By Lindsey Bahr
November 07, 2013 at 09:00 PM EST

There’s nothing new under the sun — but somehow, these awesome properties have never been adapted for screens big or small. Psst, Hollywood: Let’s change that.

It’s the plot of Titanic. And The Notebook. And Aladdin. Also, Good Will HuntingPirates of the Caribbean, Wild at Heart, Say Anything, A Knight’s Tale, Atonement, The Great Gatsby, The Princess Bride and thousands of other stories that we’ve seen and read time and time again.

She’s rich (and beautiful). He’s poor (and beautiful). And he worships the privileged ground she walks on. Obviously they must end up together.You’d think that all love stories were really about class.

Because what’s more appealing than a tale of a scrappy, devilishly handsome fellow from the wrong side of the tracks who lusts after the privileged, sheltered beauty raised with silver spoons and gold forks and strands of pearls and eventually wins her pretty little heart?  No, not a reverse gender take. We’ve seen that a million times too. (Hi, Love Story, Pretty Woman, Maid in Manhattan, etc.)

Maybe what we need is a devilishly handsome fellow from the wrong side of the tracks who realizes that the privileged, sheltered beauty raised with silver spoons and gold forks and strands of pearls was full of sh-t? That’s why we should adapt Pulp’s “Common People.” Here’s my modest proposal.

For the uninitiated, “Common People” is a five minute and 52 second single off of Pulp’s 1995 album Different Class. The britpop anthem tells the story of an English guy who meets an educated girl from Greece in a bar one night near Saint Martins College. She immediately reveals that she’s rich — or that her dad is — offers to buy the guy a drink and then confesses that she really just wants to live like common people. She also says she’s interested in sleeping with common people, just to sweeten the deal.

So, the guy abides. He takes her to a supermarket and tells her to pretend that she’s poor. She laughs, and he begins to see through the facade. The beautiful, rich girl just wants a tour through the world of the peasants, but as soon as she sees her first cockroach she’s going to call her dad and he’ll save her from the horrors of poverty. She can put on as much of a charade as she’d like, but she’ll never know exactly what it is to really and truly live like the rest of us because the safety net is always there.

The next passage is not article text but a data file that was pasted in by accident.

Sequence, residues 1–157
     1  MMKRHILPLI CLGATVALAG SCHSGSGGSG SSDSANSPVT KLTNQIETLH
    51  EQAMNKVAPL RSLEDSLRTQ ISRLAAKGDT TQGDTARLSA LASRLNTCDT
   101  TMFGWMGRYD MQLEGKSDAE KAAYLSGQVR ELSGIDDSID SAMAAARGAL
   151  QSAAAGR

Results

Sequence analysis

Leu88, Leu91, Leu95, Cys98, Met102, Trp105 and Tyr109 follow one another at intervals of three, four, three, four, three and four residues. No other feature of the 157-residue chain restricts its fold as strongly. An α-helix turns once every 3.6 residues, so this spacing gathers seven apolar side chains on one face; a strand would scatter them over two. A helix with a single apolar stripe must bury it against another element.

Not only is the guy not enchanted by her little adventure into glamorous, quaint poverty — he resents her for it and declares that she is in fact not welcome in his world. “Cause everybody hates a tourist, especially one who thinks it’s all such a laugh,” Pulp frontman Jarvis Cocker sneers near the end of song. The reverse classicism is vicious and incredible. How awesome would it have been had the people in steerage thrown Rose out of their below deck dance party?

It’s a slight plot, sure. But limited stories often breed the most interesting films given the right lyrical director and cast. It gives the movie room to breathe instead of trying to cram in (or nix) precious details from a 600 page novel. It’s also sort of true. Jarvis did meet a beautiful, wealthy art student at Saint Martins in the late 80s who wanted to live like common people. But that’s where the similarities between the song and the reality stop. He wanted to sleep with her. She wasn’t interested. Maybe “Common People” was actually his revenge anthem against some snob who rejected him. Regardless of the truth, the tale presented in the song became the more interesting story.

Either Sarah Polley or Jeff Nichols could write and direct. Michael Fassbender would star as the guy (because he’s got to be a little older, and have a careless, disheveled edge to him), and a wide-eyed, porcelain-skinned brunette like Emilia Clarke or Felicity Jones as the girl. I’m having a hard time finding actresses from Greece, so, for the purposes of this adaptation, why not make her a posh upper class Brit? The movie would cost nothing ($1.5 million) and make next to nothing (probably in the $12 million range). Basically, it’s harmless. It’s not going to be a franchise, it’s not going to be a studio-crushing flop, but it could be a really great, interesting movie.

Also, “Common People” has one of the lamest music videos ever and it deserves a better treatment. It’s a cheesy, sanitized, movie trailer confection that diminishes the impact of the epic song and actually manages to make it boring. Don’t believe me?

Ugh, there’s even a synchronized dance. I blame 1996.